William Shakespeare: Fashionista

If I were to ask you whom you would consider a fashion expert, you’d probably respond with top name designers like Yves Saint Laurent, Coco Chanel or Edith Head.  The last person you’d think of is famous classical English playwright William Shakespeare.  Most of the time, Shakespeare is associated with memories of English homework you didn’t want to do or yet another assignment about Hamlet or Romeo and Juliet.  It may surprise you to find that Shakespeare was actually quite fashion savvy.  As a current staff member for the Utah Shakespeare Festival, I’ve found Shakespeare has numerous clothing and fashion references and what better time to share them than for the Beverley Center for the Arts opening July 7-9 in Cedar City, Utah?  In honor of this festive occasion, here are some of Shakespeare’s fashion observations from Much Ado About Nothing, Henry V and Julius Caesar, the three Shakespeare productions at the Festival this season.

Englestad Shakespeare Theatre

A side shot of the new Englestad Shakespeare Theatre at the Utah Shakespeare Festival.

“Very easily possible.  He wears his faith but as the fashion of his hat; it ever changes with the next block.” – Beatrice about Benedick (Much Ado About Nothing)

Translation: Beatrice is commenting about how quickly Benedick changes his loyalty saying that he changes it as often as he changes it hat, which only requires the change of a hat block.

“By my troth, ‘s but a night-gown in respect of yours-cloth o’ gold, and cuts, and laced with silver, set with pearls, down sleeves, side sleeves, and skirts, round underborne with a bluish tinsel: but for fine, quaint, graceful and elegant excellent fashion, yours is worth ten on’t.” – Margaret to Hero (Much Ado About Nothing)

Translation: Margaret is comparing her financial and societal status to Hero through their fashion adornments and style.

“I am a King that find thee; and I know
’Tis not the Balm, the Scepter, and the Ball,
The Sword, the Mace, the Crown Imperial,
The intertissued Robe of Gold and Pearl,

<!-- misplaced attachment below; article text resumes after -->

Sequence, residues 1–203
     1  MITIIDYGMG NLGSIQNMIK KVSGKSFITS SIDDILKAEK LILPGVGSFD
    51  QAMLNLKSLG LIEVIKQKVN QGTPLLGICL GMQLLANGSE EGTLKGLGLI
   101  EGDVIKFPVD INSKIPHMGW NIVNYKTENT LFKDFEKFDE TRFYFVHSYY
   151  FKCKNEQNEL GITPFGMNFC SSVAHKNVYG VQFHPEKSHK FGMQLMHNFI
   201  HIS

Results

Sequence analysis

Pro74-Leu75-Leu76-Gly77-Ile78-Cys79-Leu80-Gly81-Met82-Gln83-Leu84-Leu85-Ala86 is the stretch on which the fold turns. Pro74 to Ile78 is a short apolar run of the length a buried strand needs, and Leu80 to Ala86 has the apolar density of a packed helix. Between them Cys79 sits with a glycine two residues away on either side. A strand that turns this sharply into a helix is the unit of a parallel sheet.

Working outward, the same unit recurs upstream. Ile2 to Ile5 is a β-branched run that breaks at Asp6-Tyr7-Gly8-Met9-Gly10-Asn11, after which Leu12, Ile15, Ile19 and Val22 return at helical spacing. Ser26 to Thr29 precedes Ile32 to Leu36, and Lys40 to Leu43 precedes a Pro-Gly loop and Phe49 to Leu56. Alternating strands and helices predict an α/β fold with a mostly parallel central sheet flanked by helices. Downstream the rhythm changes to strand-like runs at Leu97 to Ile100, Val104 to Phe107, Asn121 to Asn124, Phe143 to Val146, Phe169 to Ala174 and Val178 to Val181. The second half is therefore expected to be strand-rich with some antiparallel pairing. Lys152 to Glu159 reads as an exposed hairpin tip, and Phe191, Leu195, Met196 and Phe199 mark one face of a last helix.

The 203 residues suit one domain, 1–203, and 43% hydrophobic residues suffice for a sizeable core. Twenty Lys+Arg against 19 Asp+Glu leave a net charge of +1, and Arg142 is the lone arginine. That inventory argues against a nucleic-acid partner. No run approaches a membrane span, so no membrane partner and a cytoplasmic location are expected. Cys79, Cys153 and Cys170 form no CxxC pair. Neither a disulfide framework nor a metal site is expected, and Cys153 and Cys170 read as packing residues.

The farced Title running ’fore the King,
The Throne he sits on, nor the Tide of Pomp
That beats upon the high shore of this World,
No, not all these, thrice-gorgeous Ceremony,
Not all these, laid in Bed Majestical,
Can sleep so soundly as the wretched Slave . . .”
-Henry V (Henry V)

Translation:  Henry is realizing that having all of the beautiful robes, scepter and crown as King can’t ease his concerns or let him rest as soundly as someone who isn’t King.  Everyone puts their anxieties on the King, making it his responsibility to ease their burdens.

“By Jove, I am not covetous for gold,
Nor care I who doth feed upon my cost.
It earns me not if men my Garments wear;
Such outward things dwell not in my desires.
But if it be a sin to covet Honor
I am the most offending Soul alive.”
-Henry V (Henry V)

Translation:  Henry is illustrating that he’s not selfish about money and isn’t bothered when others wear his clothing.  He cares more about honor and loyalty.

“But men may construe things after their fashion,
Clean from the purpose of the things themselves.”
-Cicero (Julius Caesar)

Translation:  Although this isn’t a direct quote about fashion, it states that people tend to interpret things however they see fit and miss the true meaning behind them.  It’s not meant for fashion, but it can be applicable to people’s interpretation of fashion and design.

Shakespeare may be no Vivienne Westwood, but that doesn’t mean he doesn’t have a few things to say about fashion, clothing, society and the human condition.  If you want to hear more of the bard’s take on style, history, comedy and love, be sure to visit the Utah Shakespeare Festival this summer and join in upcoming events today through Saturday, July 9th for the Beverley Center for the Arts.

Englestad Shakespeare Theatre

The new Englestad Shakespeare Theatre at the Utah Shakespeare Festival.

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